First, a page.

“There was no question of Lockett’s guilt, and his crime was inhuman. Such wanton cruelty and disregard for innocent life warrants society’s most emphatic rebuke, and the most emphatic rebuke is death. It is essential that any healthy society make it clear to all that some crimes forfeit the continued right to not just liberty, but also life. Anyone who weeps because this sadistic murderer experienced a few extra minutes of agony in the process of being sent to his just rewards has seriously misaligned values. No method of execution will work every time, and to make perfection the standard is a dishonest way to rig the debate. If the death penalty is justified, and it is, then we should expect and accept the rare “botch.” Meanwhile, if the concern really is efficiency, reliability, speed of death and minimal pain, there are literally dozens, maybe hundreds of methods of swift execution that would accomplish this. They just won’t pass the standards of death penalty opponents, because no method will.”

Today the Supreme Court heard oral arguments on the question of whether Oklahoma’s use of the common surgical sedative midazolam did not reliably make prisoners unconscious during lethal injections, thus violating the Eighth Amendment’s protection against “cruel and unusual punishment.” It’s a ridiculous case, which arises out of the botched April 2014 execution of Lockett that sparked the post I just quoted. It is a ridiculous case because the method of execution isn’t worth arguing over. Elephant. Head. Problem solved. Why is Oklahoma fighting about which cocktail to use? This is the anti-capital punishment team’s game, and sooner or later, the result is preordained.  Continue reading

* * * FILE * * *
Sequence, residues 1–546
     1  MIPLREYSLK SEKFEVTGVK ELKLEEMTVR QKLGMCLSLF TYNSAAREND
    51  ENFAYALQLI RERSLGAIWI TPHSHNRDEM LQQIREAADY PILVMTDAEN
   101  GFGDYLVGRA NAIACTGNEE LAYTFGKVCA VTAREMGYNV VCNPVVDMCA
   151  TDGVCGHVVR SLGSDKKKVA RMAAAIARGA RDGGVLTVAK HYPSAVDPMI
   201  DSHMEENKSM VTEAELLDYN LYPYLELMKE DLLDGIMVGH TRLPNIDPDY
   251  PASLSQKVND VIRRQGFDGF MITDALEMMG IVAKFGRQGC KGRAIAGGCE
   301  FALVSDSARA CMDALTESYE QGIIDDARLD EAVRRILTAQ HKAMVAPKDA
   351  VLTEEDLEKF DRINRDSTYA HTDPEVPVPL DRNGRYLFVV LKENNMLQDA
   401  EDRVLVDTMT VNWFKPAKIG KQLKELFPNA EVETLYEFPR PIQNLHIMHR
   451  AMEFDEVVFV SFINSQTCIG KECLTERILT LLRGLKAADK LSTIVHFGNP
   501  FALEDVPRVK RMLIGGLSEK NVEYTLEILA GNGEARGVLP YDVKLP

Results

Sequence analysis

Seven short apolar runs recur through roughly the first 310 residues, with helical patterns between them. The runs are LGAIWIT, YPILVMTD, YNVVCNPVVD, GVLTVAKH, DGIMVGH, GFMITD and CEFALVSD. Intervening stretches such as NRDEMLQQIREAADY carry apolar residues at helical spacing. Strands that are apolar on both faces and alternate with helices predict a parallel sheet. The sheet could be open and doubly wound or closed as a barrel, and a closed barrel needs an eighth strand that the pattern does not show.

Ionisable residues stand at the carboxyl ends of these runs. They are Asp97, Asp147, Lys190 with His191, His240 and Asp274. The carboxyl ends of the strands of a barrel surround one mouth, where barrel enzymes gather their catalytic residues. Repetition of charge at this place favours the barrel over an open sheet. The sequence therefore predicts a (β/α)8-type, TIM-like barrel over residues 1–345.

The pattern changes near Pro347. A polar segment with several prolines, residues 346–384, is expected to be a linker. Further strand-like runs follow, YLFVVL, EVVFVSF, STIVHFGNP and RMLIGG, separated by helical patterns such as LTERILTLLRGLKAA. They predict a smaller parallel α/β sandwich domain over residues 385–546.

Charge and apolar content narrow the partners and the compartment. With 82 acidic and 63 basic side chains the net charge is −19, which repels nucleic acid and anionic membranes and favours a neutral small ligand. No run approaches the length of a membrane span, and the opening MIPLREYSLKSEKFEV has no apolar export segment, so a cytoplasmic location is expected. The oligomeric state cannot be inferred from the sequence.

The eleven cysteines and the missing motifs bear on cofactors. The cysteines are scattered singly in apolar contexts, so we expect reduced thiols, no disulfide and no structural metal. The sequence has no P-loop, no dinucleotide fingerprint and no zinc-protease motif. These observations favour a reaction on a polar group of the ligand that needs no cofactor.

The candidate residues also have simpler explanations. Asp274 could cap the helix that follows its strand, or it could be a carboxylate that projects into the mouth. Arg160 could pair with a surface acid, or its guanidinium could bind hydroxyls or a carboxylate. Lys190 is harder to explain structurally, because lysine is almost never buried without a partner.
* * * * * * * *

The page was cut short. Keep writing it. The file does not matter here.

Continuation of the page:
Hall v. Florida: The Supreme Court Opts For Ethics Over Law

On a purely ethical basis, it is difficult to argue with the majority opinion in Hall v. Florida, where the U.S. Supreme Court ruled that executing a convicted killer whose IQ had been determined to be 71 was still cruel and unusual, and thus a violation of the 8th Amendment, despite Florida law’s cut-off for mental retardation being a score of 70. On the basis of law, however, the SCOTUS decision is hard to defend. Funny, I thought the job of the Supreme Court was to interpret laws.

“Intellectual disability is a condition, not a number…,” wrote Justice Kennedy for the 5-4 majority, in which he joined the so-called “liberal wing.”  “This is not to say that an IQ test score is unhelpful. It is of considerable significance, as the medical community recognizes. But in using these scores to assess a defendant’s eligibility for the death penalty, a State must afford these test scores the same studied skepticism that those who design and use the tests do, and understand that an IQ test score represents a range rather than a fixed number.”